But more importantly, we do not know whether any of the stories is true even in the areas where they agree. Ben indirectly alludes to this when he says that too much agreement would lead us to suspect a conspiracy. Of course, we don’t need any conspiracy theories to explain convergent stories. People are quite capable of agreeing on a common story that suits their biases, whether or not the story is actually true, even without a formal, intentional conspiracy. And that means that agreement between stories, with or without related inconsistencies, is not sufficient to tell us whether or not any of the stories is genuinely consistent with reality.
This is especially true in cases like Matthew’s story of the guards, where we only have one person telling us a story. Even in a single story told by a single person, the measure of the truth of the story is not its consistency with itself. It’s only true to the extent that it is consistent with reality. And you can’t determine how consistent it is with reality just by saying “It has a few superficial inconsistencies, but not enough to suspect a conspiracy.”
What, then, is the point of arguing that inconsistencies are somehow evidence for the “authenticity” of the gospel stories? Consider what this particular argument is doing. We know that untrue stories are, by definition, inconsistent. What this argument does is to point out ways in which “mostly-true” stories can also contain similar inconsistencies. In other words, it emphasizes the characteristics shared by both mostly-true stories and untrue stories, while downplaying or obscuring the difference between true stories and untrue stories.
Now, under what circumstances is it advantageous to blur the distinction between a true story and an untrue story? If we have a true story to defend, we’re not going to want to make a point of comparing it to an untrue story and pointing out the similarities. We’re going to have much better arguments to appeal to, simply because our story is already consistent with reality. But if we’re trying to sell an untrue story, then it’s to our advantage to emphasize any similarity we can find between true stories and untrue stories. In the first case, we wouldn’t want to do it because we’d only be raising doubts about whether or not our story is true, but in the latter case we’re raising doubts about whether it is really false.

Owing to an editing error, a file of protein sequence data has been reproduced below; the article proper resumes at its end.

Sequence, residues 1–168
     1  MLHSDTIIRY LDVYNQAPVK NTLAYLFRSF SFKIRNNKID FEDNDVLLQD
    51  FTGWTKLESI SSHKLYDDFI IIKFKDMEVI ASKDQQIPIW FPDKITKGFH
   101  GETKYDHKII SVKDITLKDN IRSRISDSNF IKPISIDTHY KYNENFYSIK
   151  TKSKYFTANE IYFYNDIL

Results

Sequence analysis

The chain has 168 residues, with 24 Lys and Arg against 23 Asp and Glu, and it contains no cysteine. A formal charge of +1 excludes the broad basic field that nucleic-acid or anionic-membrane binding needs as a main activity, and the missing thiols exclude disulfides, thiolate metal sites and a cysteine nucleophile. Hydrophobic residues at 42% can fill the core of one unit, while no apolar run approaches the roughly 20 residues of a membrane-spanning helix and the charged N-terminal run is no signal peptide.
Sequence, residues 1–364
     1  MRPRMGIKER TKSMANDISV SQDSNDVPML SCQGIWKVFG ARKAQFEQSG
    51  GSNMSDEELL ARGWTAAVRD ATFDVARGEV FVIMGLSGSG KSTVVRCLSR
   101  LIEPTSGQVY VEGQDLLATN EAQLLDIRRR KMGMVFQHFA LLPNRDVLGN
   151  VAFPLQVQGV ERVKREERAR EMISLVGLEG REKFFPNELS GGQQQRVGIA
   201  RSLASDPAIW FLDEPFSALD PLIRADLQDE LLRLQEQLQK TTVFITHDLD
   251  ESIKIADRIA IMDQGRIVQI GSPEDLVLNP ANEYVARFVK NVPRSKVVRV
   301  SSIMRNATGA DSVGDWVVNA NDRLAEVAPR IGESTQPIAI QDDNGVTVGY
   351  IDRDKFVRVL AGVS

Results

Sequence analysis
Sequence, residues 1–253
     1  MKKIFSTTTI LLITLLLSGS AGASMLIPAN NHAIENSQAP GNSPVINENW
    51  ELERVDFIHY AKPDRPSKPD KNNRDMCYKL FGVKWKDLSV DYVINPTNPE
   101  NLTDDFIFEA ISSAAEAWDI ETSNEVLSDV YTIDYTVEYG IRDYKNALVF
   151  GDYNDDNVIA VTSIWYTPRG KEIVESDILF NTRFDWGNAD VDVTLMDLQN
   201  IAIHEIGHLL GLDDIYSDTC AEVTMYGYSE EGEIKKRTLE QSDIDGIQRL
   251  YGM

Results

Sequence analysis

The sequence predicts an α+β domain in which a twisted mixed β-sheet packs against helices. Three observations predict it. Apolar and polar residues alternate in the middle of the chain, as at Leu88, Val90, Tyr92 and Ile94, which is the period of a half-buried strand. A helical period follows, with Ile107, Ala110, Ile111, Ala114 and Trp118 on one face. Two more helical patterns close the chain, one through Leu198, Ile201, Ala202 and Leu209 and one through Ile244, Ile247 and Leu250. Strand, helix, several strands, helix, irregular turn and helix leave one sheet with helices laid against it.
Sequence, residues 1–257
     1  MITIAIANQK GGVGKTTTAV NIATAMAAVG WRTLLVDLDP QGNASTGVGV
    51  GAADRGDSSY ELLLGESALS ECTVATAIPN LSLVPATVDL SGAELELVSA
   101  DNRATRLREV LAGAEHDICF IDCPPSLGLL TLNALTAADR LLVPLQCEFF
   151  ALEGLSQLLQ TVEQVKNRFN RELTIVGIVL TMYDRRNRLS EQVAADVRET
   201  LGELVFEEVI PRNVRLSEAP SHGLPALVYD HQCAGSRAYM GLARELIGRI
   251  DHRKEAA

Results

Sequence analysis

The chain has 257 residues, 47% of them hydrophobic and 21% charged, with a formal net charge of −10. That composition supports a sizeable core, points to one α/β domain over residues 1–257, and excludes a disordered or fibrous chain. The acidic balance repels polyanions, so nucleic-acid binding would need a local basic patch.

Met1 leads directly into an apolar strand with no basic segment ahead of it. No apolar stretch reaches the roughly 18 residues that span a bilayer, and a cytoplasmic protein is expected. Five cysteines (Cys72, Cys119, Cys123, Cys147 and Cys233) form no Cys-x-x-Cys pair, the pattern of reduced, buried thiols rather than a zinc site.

Thus, this argument is most advantageous when used to argue that an untrue story is really true. To be fair, most of the times I’ve seen this argument, it’s been used to defend Christianity against falsification, and not as a positive argument in its favor. I think Ben is being a bit over-enthusiastic in his claim that this argument is actively vouching for the authenticity of the gospel. At best it can only raise doubts about whether Christianity is really false. But then again, I can remember how I felt about some of the more glaring inconsistencies in the Gospel, and how eagerly I grasped at anything that would help me believe it wasn’t just silly. So maybe this argument is a bigger deal than it seems to me right now. But that doesn’t make it relevant or valid as a criterion of historicity.
Just as a postscript: I’m glad to see that Ben does have one big point going for him here. He has learned that we get a much better, more reasonable, and more realistic understanding of the Bible when we discard the idea that it is somehow supernaturally inerrant. This was a principle I found proved time and time again on my journey from believer to ex-Christian: the more we discard the fundamentally incoherent notion of supernatural intervention and the more we embrace the simplest explanation that fits the facts, the less complicated and confusing and irrational the world becomes. Telling the truth really IS easier! Ben has already experienced this phenomenon at least once, and I hope he continues to do so.